I listened for that familiar “whoosh, whoosh, whoosh” of the heartbeat through the machine.  I could hear it.

“We have to get your baby out right now,” she said calmly.

The anesthesiologist I had seen an hour or so before was standing at the head of my bed.  He was yelling into the room, “Do I put her out?  Do I put her out?”  No one was answering him.  “Do I put her out?!”

“Just put her out!” someone yelled back.

I looked up at the nurse.  “Can my husband come in here?” I asked desperately.

“I’m sorry, no.”

And I was out.


The next few hours were less chaotic, but equally emotional.  I woke up to a new room, a new nurse, Branden and my mom, but no baby.  He was fine, being monitored because of the stressful delivery, but it was hours before I got to meet or hold him.

Branden told me later that it was only about 15 minutes between the time they wheeled me out of the room to when they handed him the baby, all cleaned up and swaddled.  A video was taken of our families meeting him and of Branden sharing the name we’d picked for him that morning.

The next day my doctor came in to check on me.  He explained that Ethan’s cord had been wrapped around his body five times – more times than the doctor had ever seen in his ten years of delivering babies!


We stayed in the hospital almost a week.  My blood pressure needed to be monitored, new medicine figured out, and there was a list of things that needed to be “checked off” before we were discharged.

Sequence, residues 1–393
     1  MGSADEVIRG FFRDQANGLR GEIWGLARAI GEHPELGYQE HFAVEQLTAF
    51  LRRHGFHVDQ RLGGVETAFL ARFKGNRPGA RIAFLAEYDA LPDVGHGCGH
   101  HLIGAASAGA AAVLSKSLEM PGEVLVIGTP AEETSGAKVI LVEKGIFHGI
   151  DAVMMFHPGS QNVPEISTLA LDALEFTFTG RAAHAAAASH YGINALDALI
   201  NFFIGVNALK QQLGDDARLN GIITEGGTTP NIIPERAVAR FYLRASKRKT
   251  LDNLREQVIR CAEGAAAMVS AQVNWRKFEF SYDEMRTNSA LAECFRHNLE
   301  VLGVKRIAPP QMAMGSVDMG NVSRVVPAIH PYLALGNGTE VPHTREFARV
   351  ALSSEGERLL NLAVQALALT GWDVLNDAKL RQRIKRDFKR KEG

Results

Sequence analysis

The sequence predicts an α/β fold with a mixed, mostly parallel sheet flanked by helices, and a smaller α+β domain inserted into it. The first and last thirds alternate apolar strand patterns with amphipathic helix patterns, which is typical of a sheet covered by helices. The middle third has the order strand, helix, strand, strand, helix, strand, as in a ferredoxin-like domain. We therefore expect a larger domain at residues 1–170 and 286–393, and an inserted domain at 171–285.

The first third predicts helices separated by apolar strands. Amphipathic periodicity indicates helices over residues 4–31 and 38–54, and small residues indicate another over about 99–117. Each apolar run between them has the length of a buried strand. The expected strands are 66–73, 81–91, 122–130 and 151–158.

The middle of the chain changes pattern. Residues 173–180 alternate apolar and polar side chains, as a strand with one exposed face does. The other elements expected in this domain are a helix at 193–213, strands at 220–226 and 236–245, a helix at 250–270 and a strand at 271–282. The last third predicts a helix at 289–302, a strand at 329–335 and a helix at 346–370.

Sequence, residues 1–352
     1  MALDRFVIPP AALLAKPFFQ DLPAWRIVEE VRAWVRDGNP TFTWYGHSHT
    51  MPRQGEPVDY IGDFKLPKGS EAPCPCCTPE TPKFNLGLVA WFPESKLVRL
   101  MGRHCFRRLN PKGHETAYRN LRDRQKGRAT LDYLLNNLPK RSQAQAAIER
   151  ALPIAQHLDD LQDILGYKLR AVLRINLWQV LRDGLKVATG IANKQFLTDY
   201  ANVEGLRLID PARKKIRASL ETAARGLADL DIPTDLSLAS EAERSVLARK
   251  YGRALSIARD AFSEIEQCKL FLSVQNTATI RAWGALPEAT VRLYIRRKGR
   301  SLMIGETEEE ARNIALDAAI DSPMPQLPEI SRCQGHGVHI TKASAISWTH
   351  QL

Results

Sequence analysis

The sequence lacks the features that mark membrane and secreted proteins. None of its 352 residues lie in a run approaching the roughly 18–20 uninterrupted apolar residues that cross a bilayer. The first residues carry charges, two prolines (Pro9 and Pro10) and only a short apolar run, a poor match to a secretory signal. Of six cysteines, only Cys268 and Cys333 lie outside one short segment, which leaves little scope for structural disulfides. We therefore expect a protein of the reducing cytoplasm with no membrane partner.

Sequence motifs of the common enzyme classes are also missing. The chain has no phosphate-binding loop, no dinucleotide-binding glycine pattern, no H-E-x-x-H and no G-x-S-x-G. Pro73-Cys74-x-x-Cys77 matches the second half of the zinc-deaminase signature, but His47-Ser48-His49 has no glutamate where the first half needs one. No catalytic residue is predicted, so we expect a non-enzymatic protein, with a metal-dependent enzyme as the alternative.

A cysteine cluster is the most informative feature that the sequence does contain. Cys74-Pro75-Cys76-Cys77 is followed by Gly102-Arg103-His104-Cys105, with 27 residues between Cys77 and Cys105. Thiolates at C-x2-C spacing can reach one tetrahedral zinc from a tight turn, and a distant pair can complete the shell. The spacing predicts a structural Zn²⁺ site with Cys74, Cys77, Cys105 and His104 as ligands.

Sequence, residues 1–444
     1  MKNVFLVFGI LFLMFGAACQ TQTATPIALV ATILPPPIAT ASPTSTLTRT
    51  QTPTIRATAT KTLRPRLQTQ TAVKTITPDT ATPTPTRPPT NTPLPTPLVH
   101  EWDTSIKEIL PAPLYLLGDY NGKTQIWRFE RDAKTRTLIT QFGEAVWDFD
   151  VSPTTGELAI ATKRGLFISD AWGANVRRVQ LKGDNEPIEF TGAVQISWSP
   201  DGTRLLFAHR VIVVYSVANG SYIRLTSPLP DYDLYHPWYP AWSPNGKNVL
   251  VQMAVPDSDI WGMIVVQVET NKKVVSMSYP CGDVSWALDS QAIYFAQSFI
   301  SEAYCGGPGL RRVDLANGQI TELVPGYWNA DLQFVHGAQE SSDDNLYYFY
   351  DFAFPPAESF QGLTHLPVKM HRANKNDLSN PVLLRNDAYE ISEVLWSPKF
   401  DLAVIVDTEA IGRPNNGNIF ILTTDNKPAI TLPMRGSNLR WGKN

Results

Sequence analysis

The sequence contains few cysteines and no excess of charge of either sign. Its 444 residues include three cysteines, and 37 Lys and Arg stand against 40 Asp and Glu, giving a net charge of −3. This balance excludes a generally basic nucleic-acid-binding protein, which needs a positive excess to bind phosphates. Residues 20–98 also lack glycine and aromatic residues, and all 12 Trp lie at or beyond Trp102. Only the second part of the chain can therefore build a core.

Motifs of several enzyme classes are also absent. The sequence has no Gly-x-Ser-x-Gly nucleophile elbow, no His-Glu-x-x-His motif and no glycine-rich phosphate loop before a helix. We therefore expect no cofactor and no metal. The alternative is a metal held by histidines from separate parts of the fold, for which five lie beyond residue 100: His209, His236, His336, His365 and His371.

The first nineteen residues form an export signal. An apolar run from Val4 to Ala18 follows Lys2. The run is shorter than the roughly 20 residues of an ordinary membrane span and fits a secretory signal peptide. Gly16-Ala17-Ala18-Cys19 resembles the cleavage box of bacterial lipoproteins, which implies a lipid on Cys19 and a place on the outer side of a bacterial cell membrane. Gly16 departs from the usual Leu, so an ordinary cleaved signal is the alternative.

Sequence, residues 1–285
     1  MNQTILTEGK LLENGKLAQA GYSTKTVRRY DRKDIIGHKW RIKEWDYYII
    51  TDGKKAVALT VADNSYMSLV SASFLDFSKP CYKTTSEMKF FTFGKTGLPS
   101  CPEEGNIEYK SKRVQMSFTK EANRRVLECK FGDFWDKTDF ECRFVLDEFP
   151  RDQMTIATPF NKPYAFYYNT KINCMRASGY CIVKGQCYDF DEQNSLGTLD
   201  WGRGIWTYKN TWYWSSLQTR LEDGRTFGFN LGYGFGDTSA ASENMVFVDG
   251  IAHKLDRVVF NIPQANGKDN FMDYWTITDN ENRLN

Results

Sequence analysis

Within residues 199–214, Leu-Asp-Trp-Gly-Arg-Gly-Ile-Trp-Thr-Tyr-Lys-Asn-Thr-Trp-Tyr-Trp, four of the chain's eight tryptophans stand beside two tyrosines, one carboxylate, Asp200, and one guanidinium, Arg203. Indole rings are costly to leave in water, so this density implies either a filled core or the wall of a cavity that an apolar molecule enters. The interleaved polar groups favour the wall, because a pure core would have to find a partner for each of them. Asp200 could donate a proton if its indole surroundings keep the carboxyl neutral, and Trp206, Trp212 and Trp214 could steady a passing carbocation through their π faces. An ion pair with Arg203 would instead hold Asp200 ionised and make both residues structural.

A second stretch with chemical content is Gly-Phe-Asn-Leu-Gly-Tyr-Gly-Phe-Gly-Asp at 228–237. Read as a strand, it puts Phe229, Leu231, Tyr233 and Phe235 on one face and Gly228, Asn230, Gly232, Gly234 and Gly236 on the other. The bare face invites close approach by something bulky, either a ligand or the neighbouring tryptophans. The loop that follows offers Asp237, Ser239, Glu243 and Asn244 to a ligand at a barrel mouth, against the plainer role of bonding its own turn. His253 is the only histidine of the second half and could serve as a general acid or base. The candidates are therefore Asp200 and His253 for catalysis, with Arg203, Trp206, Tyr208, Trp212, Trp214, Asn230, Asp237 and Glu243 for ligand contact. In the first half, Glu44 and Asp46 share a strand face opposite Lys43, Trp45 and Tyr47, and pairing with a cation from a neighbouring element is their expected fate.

In the wake of it all, I remember finally getting home and walking through the unexpected events of Ethan’s birth.  Branden said, “Maybe it needed to happen that way, so you would know that no matter what, God is in control.”

Later I remember the Lord speaking to me about it, helping me realize that getting sick and having to deliver earlier likely saved both Ethan’s and my life.  If my water had broken at home (as it did with Silas), neither of us would probably have made it.


God is so good, isn’t He?  Saving us before we even know we need it?

We always have our plans, our ideas, expectations.  But God is quietly working things out the way they need to be.  So often I realize in hindsight how little faith I’ve had.  But there is no condemnation or “I told you so” booming from Heaven.  Only grace, and a love that chooses to keep walking with me.


When the fog lies low on the path ahead, and I am unsure or even afraid.  When I’m full of doubt or feeling frantic because I have no control (I do like control!) I need to remember, I belong to God – the One that would let nothing keep me from Him!  Whatever His plans might include, they are for my ultimate good, not harm, and for His glory.  I am safe with Him.


And Ethan :)  He’s seven!  He was spoiled by so many in Texas as we traveled through and then here in Colorado when we got home!

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He’s this amazing combination of cleverness and innocence, still excited at the things he’s learning about the world around him!  He’s funny and quirky and loves music.  He’s embarrassed easily but also loves to make people laugh.  He still likes to snuggle, which makes me happy :)  He’s little and big at the same time.  Maybe I’ll always feel that way, but it’s true today!


Happy seventh birthday sweet boy!